Thee Wreckers Tetralogy consists of four animated short films made between 2009 and 2018, starting life as music videos for Thee Wreckers. They are supplemented by a documentary about the films and the band. The four short films are: No Place Like Home (2009), Lonely Bones (2013), Splintertime (2015), Reruns (2018) Director: Rosto Writer: Rosto The documentary is: Everything’s Different, Nothing Has Changed (2017) Director: Joao MB Costa, Rob Gradisen Part of: /slash Filmfestival Seen on: 22.9.2018 1-gif-review
I hadn’t heard of Thee Wreckers and I really didn’t know what I was getting myself into with these films, but I admit that I found the films, the animation, the music of the short films pretty mind-blowing. The animation’s aesthetics, the music and the dreamlike narrative style caught me just right and I really managed to lose myself in them. Even though each installment of the tetralogy is very different, they go together very well and make for an all around beautiful body of work.
Read a little more about each of the short films after the jump.
Plot: Abby (Katherine Heigl) is a producer of a morning show. Due to faltering ratings of said show, her boss hires Mike (Gerard Butler), whose claim to fame is hosting The Ugly Truth, a show that tackles matters of relationships in a very male, if not misogynistic way. Abby is outraged at this choice of host. But since she herself doesn’t do very well in matters of relationships either, pining after her neighbor Colin (Eric Winter) who she thinks of as the perfect man, she strikes a deal with Mike at his suggestion: he will help her reel in Colin, and she will work with him.
The Ugly Truth is absolutely horrible. It bowled me over with its hatred masquerading as some good old fun. It’s sexist and misogynistic. It’s so bad, it even makes a case that misandry does, in fact, exist. I hated it.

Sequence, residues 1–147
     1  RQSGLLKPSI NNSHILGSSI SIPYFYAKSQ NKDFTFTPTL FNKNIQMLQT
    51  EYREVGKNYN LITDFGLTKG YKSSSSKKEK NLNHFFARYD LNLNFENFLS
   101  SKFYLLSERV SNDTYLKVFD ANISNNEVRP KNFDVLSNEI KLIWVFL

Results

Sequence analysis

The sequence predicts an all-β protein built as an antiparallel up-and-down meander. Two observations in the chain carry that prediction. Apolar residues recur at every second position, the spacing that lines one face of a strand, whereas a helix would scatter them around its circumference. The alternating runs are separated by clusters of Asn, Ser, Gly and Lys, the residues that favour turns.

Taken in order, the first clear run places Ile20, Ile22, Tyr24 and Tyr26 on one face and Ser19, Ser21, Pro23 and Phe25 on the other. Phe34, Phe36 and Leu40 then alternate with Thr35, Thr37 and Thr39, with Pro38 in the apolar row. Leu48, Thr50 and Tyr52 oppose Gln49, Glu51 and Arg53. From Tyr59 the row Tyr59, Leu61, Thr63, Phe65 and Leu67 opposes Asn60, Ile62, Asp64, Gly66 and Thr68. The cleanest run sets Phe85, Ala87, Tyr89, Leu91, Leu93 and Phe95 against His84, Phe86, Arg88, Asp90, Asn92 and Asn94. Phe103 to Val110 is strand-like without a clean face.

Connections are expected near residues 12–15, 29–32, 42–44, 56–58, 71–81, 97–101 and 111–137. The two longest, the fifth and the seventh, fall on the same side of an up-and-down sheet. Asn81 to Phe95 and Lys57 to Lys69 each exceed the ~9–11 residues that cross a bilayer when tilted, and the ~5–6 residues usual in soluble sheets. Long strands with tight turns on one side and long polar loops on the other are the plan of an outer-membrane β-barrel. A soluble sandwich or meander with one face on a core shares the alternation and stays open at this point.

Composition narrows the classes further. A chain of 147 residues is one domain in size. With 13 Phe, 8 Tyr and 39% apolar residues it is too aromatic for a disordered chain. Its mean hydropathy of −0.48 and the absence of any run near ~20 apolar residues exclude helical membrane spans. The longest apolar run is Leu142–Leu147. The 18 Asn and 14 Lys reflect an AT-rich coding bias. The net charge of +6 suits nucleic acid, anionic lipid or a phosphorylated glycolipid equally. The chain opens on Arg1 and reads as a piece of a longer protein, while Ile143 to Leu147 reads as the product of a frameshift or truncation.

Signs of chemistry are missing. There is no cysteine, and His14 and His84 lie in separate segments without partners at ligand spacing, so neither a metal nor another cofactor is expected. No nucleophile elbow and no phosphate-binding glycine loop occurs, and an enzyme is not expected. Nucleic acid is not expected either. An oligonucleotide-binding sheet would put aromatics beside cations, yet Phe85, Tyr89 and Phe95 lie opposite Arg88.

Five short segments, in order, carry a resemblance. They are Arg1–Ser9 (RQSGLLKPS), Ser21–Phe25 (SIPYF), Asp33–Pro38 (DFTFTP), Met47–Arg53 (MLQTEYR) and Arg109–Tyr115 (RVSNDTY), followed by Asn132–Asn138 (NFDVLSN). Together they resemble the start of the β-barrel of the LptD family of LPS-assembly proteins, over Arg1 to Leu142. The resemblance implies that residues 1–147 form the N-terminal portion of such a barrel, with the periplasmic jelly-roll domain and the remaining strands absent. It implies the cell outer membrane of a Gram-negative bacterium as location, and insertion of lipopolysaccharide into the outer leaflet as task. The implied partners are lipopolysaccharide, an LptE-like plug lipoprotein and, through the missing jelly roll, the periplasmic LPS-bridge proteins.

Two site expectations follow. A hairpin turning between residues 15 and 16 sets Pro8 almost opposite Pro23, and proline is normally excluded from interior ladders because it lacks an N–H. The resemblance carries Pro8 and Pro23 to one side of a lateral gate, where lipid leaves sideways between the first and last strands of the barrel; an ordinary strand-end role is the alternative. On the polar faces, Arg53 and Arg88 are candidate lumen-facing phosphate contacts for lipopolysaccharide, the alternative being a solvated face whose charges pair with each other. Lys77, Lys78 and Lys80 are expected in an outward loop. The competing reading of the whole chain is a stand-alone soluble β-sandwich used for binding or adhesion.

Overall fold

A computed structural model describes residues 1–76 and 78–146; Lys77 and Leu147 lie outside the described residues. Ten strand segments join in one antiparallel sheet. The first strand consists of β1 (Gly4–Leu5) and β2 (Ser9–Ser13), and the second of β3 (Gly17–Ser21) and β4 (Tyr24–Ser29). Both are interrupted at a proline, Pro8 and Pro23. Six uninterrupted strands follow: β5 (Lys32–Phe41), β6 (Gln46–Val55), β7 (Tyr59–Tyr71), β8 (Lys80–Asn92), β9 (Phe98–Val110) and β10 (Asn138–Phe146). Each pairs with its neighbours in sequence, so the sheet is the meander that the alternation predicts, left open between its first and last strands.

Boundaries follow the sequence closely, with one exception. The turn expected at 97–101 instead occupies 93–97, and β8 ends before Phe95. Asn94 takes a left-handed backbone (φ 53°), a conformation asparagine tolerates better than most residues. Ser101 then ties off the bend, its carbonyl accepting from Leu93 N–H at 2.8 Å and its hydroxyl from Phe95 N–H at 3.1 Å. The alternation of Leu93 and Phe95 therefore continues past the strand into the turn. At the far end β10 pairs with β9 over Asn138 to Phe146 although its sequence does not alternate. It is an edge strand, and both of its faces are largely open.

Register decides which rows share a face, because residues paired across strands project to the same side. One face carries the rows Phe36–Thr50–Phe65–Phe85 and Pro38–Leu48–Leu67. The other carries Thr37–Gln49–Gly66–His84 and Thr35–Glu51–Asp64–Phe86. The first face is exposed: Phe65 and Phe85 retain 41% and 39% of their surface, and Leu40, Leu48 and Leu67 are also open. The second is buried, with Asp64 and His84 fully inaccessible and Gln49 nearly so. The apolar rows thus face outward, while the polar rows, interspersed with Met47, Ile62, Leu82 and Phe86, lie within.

Margaret (Sandra Bullock) is a good editor and she loves her job. She is not so much a good boss as her assistant Andrew (Ryan Reynolds) knows from his own experience. When the Canadian Margaret is confronted with the fact that she might be deported because her visa expired, she pressures Andrew into marrying her. But the immigration officer Mr Gilbertson (Denis O’Hare) isn’t convinced, so they can’t just leave it at the formalities. That’s how Margaret ends up at Andrew’s grandmother’s 90th birthday party. With his welcoming family and the two of them in a decidedly unworklike environment, their relationship starts to change.
The Proposal is cute, if you manage to ignore a lot of things about it (heteros are exhausting). I enjoyed it while it lasted, but it won’t become a favorite or a film I’ll revisit at all.
Sandy’s (Catherine Zeta-Jones) live fell apart after she discovered that her husband of many years cheated on her. Now she’s living in a new apartment above a coffee shop with her kids and tries to get a fresh start in life. Aram (Justin Bartha) who is a barista in said coffee shop may be much younger than Sandy, but his life is at a low point as well. Having just got out of a relationship that turned out to be a green card scam, he doesn’t really know what he wants to do with his life. When Sandy ends up hiring him as a babysitter, they become closer and even start dating. But are they really just rebounds for each other?
I liked the idea of The Rebound, what with the older woman dating a younger man and it not being portrayed as cougar-like predatory behavior. Or at least that’s what I expected. But The Rebound is so quintessentially male in its perspective, I could barely stand it.
Coraline Jones (Dakota Fanning) moves with her parents (Teri Hatcher, John Hodgman) to a new house. Her parents are always busy so Coraline is left to explore things alone. One day she discovers a hidden door in her house and when she goes through, she meets her Other Mother, who is everything a child could hope for and more. But her Other Mother has buttons for her eyes. She wants Coraline to stay, but for that, Coraline will need to give up her eyes as well…